The losses of years past were difficult, of course, each of them bringing new challenges to different teams that still could not find a way to get past the same obstacle. The 2017 NLDS was no different. It brought challenges, deficits, and an incredibly worthy opponent.

Washington once again found itself in Game 5, just nine innings away from clawing the 900-pound monkey off their back. Instead they were met with yet another unique heartbreak. It was not a 9th inning lead blown, a series lost before Game 5 could even be played, or an unstoppable bullpen force after an early lead was thrown away. No, this time was different. This was the one where their former ace, who had just pitched well days before, couldn’t make it past the third inning. It was the one where their current ace found himself on the other side of tremendously bad luck with two outs in the inning. It was the one where a foot slipped off a base. It was the one where they couldn’t take advantage of an exhausted pitcher on the mound. It was the most heartbreaking of them all.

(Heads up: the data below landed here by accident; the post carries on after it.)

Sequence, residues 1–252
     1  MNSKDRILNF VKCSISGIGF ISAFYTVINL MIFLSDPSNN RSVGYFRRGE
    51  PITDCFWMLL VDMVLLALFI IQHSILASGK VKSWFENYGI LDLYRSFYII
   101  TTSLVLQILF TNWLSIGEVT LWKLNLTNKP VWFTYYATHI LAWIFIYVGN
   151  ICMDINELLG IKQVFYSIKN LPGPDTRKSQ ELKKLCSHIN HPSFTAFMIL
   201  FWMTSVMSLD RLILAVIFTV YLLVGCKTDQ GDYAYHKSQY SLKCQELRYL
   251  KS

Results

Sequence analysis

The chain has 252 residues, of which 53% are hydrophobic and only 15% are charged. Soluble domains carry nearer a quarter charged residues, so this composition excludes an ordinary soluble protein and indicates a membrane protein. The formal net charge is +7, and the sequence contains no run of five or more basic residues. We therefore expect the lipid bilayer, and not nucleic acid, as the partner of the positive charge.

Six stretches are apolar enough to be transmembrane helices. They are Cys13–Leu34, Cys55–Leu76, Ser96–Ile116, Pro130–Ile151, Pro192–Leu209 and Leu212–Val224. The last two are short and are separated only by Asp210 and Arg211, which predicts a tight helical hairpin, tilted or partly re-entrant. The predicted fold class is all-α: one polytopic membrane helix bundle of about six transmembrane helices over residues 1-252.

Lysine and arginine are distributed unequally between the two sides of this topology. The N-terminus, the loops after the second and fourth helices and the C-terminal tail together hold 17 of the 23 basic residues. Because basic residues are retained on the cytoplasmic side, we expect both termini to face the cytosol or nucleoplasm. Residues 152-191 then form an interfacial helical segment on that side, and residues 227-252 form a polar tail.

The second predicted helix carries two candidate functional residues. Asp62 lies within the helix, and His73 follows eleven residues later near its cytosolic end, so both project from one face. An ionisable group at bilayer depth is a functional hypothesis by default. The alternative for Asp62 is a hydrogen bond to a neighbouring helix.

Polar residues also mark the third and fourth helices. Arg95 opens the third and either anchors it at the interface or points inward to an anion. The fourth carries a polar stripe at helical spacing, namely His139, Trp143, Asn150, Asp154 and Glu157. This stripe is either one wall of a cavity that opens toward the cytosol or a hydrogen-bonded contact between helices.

So here the Nationals sit, losers of four different NLDS matchups in the last six seasons. They are likely going to find themselves in a similar starting position next year, facing a worthy opponent in the first round of the postseason. The narrative has been crafted, and curses are being formulated. Some will say the Nationals cannot win a playoff series, but I say how many ways are left for them to lose? They have exhausted all possibilities, traversed the bad luck gauntlet, and there seems to be no place to go but up. Maybe they’re doomed or cursed, but we’ve all seen enough curses broken to know that hope is not yet lost.

Ryan Schultz is a writer at Beyond the Box Score. He also writes for BP Southside. Follow him on twitter @rschultzy20